Ahrens RC, Harris JB, Milavetz G, Annis L, Ries R. Use of bronchial provocation with histamine to compare the pharmacodynamics of inhaled albuterol and metaproterenol in patients with asthma. J Allergy Clin Immunol. 1987 Jun;79(6):876-82.
Blake KV, Hoppe M, Harman E, Hendeles L. Relative amount of albuterol delivered to lung receptors from a metered-dose inhaler and nebulizer solution. Bioassay by histamine bronchoprovocation. Chest. 1992 Feb;101(2):309-15.
Hendeles L, Beaty R, Ahrens R, Stevens G, Harman EM. Response to inhaled albuterol during nocturnal asthma. J Allergy Clin Immunol. 2004 Jun;113(6):1058-62. Erratum in: J Allergy Clin Immunol. 2006 Apr;117(4):773.
Parameswaran KN, Inman MD, Ekholm BP, Morris MM, Summers E, O'Byrne PM, Hargreave FE. Protection against methacholine bronchoconstriction to assess relative potency of inhaled beta2-agonist. Am J Respir Crit Care Med. 1999 Jul;160(1):354-7.
Ahrens RC, Hendeles L, Clarke WR, Dockhorn RJ, Hill MR, Vaughan LM, Lux C, Han SH. Therapeutic equivalence of Spiros dry powder inhaler and Ventolin metered dose inhaler. A bioassay using methacholine. Am J Respir Crit Care Med. 1999 Oct;160(4):1238-43.
Creticos PS, Adams WP, Petty BG, Lewis LD, Singh GJ, Khattignavong AP, Molzon JA, Martinez MN, Lietman PS, Williams RL. A methacholine challenge dose-response study for development of a pharmacodynamic bioequivalence methodology for albuterol metered- dose inhalers. J Allergy Clin Immunol. 2002 Nov;110(5):713-20.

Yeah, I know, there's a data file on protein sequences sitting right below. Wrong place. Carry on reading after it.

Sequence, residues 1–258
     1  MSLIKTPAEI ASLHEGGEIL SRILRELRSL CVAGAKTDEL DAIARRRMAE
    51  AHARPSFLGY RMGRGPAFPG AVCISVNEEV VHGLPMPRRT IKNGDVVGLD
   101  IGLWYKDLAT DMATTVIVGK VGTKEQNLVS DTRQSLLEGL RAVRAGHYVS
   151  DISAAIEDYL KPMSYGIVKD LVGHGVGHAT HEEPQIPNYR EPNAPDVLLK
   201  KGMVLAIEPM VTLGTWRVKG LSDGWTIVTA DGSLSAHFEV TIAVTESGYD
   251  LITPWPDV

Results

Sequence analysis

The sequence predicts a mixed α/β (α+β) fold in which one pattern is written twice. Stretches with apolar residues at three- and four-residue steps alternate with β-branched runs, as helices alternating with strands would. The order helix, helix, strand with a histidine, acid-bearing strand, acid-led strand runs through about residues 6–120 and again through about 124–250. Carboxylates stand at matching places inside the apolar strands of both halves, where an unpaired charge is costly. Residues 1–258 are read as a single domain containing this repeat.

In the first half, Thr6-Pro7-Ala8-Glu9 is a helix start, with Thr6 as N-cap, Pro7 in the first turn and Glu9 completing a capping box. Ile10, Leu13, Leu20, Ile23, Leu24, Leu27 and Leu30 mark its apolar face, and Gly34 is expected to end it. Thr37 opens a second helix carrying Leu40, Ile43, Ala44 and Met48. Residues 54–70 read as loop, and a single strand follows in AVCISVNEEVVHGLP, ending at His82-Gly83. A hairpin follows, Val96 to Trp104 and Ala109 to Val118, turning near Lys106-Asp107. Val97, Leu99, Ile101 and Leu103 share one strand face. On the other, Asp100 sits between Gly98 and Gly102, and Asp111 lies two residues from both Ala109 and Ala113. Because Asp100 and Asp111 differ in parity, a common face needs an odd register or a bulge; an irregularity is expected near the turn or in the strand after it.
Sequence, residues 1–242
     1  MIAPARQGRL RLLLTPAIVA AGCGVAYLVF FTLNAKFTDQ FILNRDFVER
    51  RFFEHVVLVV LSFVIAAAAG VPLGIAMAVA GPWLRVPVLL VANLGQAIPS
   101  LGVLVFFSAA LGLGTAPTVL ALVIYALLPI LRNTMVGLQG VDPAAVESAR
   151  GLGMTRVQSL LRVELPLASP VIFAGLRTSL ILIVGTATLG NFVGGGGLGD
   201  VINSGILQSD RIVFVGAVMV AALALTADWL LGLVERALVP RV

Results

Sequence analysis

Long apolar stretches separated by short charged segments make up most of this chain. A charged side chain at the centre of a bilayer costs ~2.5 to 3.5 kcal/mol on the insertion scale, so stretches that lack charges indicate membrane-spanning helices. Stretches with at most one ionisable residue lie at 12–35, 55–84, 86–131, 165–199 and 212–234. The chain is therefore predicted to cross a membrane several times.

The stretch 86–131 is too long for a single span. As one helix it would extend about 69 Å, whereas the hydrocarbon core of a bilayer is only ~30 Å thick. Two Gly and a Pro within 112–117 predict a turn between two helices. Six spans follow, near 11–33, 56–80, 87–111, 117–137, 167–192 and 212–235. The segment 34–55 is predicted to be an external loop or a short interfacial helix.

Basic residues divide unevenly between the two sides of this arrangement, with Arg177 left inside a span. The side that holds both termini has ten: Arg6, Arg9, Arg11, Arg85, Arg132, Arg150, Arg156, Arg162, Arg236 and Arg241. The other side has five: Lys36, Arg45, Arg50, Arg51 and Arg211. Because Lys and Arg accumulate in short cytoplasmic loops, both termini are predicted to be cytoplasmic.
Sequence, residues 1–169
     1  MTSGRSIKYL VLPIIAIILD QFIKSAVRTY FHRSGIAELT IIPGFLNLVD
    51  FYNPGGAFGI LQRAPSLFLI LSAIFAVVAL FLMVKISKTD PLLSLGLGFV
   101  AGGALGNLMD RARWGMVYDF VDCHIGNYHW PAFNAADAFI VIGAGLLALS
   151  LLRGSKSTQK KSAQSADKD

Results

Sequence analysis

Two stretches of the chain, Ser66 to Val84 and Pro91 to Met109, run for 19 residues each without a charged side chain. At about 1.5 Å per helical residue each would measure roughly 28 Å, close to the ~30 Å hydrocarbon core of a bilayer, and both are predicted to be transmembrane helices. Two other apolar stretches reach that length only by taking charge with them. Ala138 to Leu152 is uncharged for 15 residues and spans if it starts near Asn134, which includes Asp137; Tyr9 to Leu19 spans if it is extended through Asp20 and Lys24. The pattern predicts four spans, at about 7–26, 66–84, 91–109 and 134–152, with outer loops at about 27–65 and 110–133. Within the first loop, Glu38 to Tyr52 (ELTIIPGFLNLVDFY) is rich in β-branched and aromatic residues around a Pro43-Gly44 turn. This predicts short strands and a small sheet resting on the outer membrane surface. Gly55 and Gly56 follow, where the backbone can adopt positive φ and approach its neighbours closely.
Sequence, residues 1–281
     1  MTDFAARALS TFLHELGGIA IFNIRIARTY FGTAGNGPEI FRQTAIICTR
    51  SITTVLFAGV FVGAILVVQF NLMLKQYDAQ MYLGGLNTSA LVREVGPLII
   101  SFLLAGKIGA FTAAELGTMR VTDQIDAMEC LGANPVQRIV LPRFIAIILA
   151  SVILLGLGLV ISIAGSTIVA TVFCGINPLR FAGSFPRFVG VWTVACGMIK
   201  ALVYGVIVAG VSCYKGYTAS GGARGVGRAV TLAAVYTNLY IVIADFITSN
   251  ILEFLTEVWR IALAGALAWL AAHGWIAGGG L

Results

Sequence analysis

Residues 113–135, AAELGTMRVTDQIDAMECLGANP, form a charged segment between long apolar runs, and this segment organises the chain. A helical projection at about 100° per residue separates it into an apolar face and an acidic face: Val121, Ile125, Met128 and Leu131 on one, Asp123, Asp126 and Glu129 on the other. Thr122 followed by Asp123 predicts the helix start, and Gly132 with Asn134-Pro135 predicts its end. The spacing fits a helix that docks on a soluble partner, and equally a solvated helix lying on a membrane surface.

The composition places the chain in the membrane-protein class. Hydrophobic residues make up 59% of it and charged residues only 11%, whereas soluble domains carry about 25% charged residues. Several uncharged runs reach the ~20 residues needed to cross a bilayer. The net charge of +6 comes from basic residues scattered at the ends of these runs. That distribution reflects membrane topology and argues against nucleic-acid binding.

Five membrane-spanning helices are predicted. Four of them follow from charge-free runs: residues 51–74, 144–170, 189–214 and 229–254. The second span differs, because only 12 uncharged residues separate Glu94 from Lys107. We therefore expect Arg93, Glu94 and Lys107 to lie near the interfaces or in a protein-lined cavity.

Miller MR, Hankinson J, Brusasco V, Burgos F, Casaburi R, Coates A, Crapo R, Enright P, van der Grinten CP, Gustafsson P, Jensen R, Johnson DC, MacIntyre N, McKay R, Navajas D, Pedersen OF, Pellegrino R, Viegi G, Wanger J; ATS/ERS Task Force. Standardisation of spirometry. Eur Respir J. 2005 Aug;26(2):319-38.
Hankinson JL, Odencrantz JR, Fedan KB. Spirometric reference values from a sample of the general U.S. population. Am J Respir Crit Care Med. 1999 Jan;159(1):179-87.
Asmus MJ, Vaughan LM, Hill MR, Chesrown SE, Hendeles L. Stability of frozen methacholine solutions in unit-dose syringes for bronchoprovocation. Chest. 2002 May;121(5):1634-7.

Responsible Party: University of Florida
ClinicalTrials.gov Identifier: NCT00643578     History of Changes
Other Study ID Numbers: Ivax-65307
First Submitted: March 20, 2008
First Posted: March 26, 2008
Results First Submitted: August 5, 2011
Results First Posted: November 18, 2011
Last Update Posted: December 5, 2011
Last Verified: November 2011

Keywords provided by University of Florida:
formoterol
methacholine challenge

Additional relevant MeSH terms:
Asthma
Bronchial Diseases
Respiratory Tract Diseases
Lung Diseases, Obstructive
Lung Diseases
Respiratory Hypersensitivity
Hypersensitivity, Immediate
Hypersensitivity
Immune System Diseases
Formoterol Fumarate
Methacholine Chloride
Bronchodilator Agents
Autonomic Agents
Peripheral Nervous System Agents
Physiological Effects of Drugs
Anti-Asthmatic Agents
Respiratory System Agents
Adrenergic beta-2 Receptor Agonists
Adrenergic beta-Agonists
Adrenergic Agonists
Adrenergic Agents
Neurotransmitter Agents
Molecular Mechanisms of Pharmacological Action
Miotics
Parasympathomimetics
Bronchoconstrictor Agents
Muscarinic Agonists
Cholinergic Agonists
Cholinergic Agents